Cannabis: Medicinal vs. Recreational

With cannabis legalization in Ontario, trusted sources of drug information are more important than ever. As one of the most accessible healthcare professionals, pharmacists can support you by ensuring the safe use of cannabis, and help you understand the clinical impacts of recreational marijuana use.

CANNABIS 101

Tetrahydrocannabinol (THC)

  • Psychoactive
  • May elicit both depressant and stimulant effects (i.e. increased appetite, mood elevation or depression, increased heart rate and/or blood pressure, paranoia, relaxation)
  • May be used medicinally for appetite stimulation, pain relief, nausea and vomiting, and as an antispasmodic

Cannabidiol (CBD)

  • Minimally psychoactive (in combination with THC may reduce psychoactive effects or ‘high’ that is often seen with THC alone)
  • May be used medicinally for pain relief, inflammation, nausea and vomiting, anxiety, and epilepsy

Access

Medicinal cannabis and starting materials can only be legally accessed through Health Canada’s licensed producers (LPs) with a medical document completed by a physician and faxed directly to the LP of choice. The LP then mails the product directly to the patient. Some private insurance plans are beginning to provide coverage for medicinal cannabis.

Under the provincial government, recreational marijuana will be available for online ordering initially through the Ontario Cannabis Stores (OCS) as of October 17, 2018, and later on (by April 1, 2019) through private retailers. Until then, marijuana dispensaries and “pop-ups” are unregulated storefronts that sell marijuana of uncertain quality or standards and are currently illegal.

Dosage and Administration

  1. Smoking (dry flower): Begins working within minutes, with effects lasting 2-4 hours, and may need to be used several times per day to achieve desired effects. Pharmacists and other health care professionals discourage smoking of all plant substances. Smoking cannabis is not safer than smoking cigarettes, and the same concerns related to lung health and cancer risk apply to the smoking of cannabis
  2. Vaporization (dry flower/oil/distillate): Begins working within 5 minutes, with effects lasting 3-6 hours. Vaporizing results in a smaller quantity of toxic by-products, and may be a safer alternative to smoking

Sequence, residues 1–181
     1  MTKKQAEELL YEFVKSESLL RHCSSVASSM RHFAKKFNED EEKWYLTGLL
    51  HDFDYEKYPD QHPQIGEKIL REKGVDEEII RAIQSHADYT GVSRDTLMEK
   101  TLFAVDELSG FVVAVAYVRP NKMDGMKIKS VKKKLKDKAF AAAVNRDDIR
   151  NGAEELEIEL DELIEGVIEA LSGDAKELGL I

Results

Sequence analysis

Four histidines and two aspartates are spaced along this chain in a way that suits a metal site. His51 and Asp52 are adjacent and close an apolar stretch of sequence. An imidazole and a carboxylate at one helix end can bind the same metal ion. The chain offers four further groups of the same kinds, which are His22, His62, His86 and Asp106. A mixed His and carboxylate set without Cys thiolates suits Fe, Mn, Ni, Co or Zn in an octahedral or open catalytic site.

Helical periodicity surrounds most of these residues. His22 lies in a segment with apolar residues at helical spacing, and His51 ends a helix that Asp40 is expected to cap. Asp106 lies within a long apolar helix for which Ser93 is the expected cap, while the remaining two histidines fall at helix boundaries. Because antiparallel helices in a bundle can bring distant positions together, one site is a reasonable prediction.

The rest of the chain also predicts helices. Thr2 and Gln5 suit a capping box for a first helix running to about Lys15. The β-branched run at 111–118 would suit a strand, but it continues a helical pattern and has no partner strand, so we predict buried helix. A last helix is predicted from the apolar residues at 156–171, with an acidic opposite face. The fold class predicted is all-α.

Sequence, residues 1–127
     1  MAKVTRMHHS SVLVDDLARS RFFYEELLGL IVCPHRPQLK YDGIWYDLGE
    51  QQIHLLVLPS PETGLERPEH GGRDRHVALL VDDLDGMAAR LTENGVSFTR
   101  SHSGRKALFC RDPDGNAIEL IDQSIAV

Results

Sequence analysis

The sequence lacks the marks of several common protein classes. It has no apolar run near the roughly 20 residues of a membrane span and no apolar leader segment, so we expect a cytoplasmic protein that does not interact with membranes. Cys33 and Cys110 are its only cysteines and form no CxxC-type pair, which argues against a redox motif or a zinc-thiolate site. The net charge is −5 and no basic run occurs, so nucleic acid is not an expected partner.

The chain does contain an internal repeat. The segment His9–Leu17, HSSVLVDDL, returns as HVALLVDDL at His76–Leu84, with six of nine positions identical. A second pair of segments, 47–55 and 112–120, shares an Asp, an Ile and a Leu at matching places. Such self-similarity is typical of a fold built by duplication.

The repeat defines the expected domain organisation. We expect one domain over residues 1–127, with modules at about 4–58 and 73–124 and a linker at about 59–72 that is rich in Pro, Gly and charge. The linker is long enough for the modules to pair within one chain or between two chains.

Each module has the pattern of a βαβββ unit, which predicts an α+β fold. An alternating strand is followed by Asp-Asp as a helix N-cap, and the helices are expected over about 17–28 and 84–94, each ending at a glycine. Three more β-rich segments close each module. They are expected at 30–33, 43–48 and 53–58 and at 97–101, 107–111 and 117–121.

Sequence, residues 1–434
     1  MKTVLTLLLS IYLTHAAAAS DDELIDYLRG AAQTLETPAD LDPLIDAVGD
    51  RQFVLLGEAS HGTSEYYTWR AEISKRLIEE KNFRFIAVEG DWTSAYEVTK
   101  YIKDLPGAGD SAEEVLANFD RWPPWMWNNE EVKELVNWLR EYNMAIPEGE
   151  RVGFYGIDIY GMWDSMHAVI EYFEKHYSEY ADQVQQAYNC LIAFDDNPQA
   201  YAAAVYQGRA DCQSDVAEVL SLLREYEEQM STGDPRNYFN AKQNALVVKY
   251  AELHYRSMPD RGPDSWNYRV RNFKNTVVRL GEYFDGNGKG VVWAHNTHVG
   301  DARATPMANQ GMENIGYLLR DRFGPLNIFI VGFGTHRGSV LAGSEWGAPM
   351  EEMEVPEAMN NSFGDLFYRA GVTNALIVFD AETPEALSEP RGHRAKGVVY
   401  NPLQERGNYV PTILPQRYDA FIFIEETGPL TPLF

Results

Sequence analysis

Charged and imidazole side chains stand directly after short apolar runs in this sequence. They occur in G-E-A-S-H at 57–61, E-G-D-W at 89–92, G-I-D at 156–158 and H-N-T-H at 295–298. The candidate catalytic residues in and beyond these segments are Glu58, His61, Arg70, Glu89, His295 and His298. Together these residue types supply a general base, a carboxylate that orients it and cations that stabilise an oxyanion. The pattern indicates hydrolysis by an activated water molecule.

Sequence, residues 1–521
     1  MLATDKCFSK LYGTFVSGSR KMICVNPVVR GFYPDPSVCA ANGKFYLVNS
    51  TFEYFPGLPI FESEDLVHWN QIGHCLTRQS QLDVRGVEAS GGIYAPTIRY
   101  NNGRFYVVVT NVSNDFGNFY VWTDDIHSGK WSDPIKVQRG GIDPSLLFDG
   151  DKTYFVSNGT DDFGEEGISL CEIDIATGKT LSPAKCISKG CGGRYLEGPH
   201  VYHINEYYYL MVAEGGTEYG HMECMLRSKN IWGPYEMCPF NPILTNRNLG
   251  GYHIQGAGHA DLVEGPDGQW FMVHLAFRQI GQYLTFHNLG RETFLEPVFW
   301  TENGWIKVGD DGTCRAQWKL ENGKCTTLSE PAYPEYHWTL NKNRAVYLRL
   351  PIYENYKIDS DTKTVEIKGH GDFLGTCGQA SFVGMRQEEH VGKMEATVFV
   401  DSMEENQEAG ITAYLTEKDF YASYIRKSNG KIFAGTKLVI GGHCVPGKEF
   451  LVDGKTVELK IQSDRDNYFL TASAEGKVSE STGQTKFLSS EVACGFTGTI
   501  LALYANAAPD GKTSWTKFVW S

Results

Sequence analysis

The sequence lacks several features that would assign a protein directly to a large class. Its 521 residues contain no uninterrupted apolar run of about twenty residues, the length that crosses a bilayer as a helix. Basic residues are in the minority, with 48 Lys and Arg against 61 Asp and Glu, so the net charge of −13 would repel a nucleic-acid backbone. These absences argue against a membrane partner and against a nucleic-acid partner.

3. Oral ingestion (oils/capsules): Begins working within 1-3 hours, with effects lasting up to 10 hours. It is important to note that because of the delayed onset of action with oral dosing, patients should be cautious to wait at least 3 hours before re-dosing to avoid overdosing
  4. Alternative routes (i.e. suppositories, topical, transdermal, wafers, sprays etc.) may be available in the future; however, only dried marijuana, fresh marijuana, cannabis oil, and starting material (i.e. seeds and plants) will be legally available when the federal legislation changes

In general, new users of marijuana should take a “Start Low-Go Slow” approach. This is so you are able to understand how your body responds to it and minimize side effects. The ideal amount is different for each person. Most patients using cannabis for medicinal purposes start with a dose of 0.5-1mg of THC and use between 1-3g of dried cannabis per day.

When to Avoid

  • History of OR current psychiatric or drug/alcohol addiction disorders or suicidal ideation
  • Age < 25yrs (recreational marijuana legally accessible to persons 19+yrs)
  • Certain cardiovascular diseases/arrhythmias/high blood pressure
  • Respiratory disorders (for smoking cannabis)
  • Pregnancy/Lactation

Potential Drug Interactions

Some antidepressants, antibiotics, antifungals, blood pressure and HIV medications can interact with cannabis. Caution is advised when cannabis is combined with other sedating drugs, including alcohol, due to additive side effects. This combination should be avoided where possible.

Potential Side Effects

Immediate (acute) side effects include, but are not limited to:

  • Neurological effects (i.e. fatigue, dizziness, drowsiness, decreased attention span, and/or impaired motor coordination/performance)
  • Eye, nose and chest irritation (for smoking cannabis)
  • Gastrointestinal effects (i.e. diarrhea, nausea, dry mouth)
  • Short-term memory impairment and altered judgment
  • Heart effects (i.e. increased heart rate, arrhythmias, changes in blood pressure, cases of stroke and other cardiac effects have been reported)
  • Increased appetite
  • Paranoia, anxiety, acute panic reactions and/or hallucination

    Note: To date, there have been no reported fatalities from cannabis overdose.

Concerns in long-term (chronic) users include:

  • Worsening of pre-existing psychiatric conditions
  • Loss of motivation
  • Withdrawal symptoms upon stopping the drug abruptly (i.e. trouble sleeping, restlessness, irritability, sweating, diarrhea, hiccups and loss of appetite)

Note: Cannabis has a lower potential for dependence compared to alcohol, tobacco, and some prescription medications such as benzodiazepines and opioids.

Cannabis use in youth and/or starting at an early age, is particularly concerning due to evidence of possible earlier onset of schizophrenia in those at risk, and lower IQ scores in adolescents who are frequent users.

Cannabis can have negative effects on babies born to mothers who use it while pregnant. Babies exposed in utero may be born early, have low birth weight, and/or difficulties with normal neurological development. There is also an increased risk of fetal loss.

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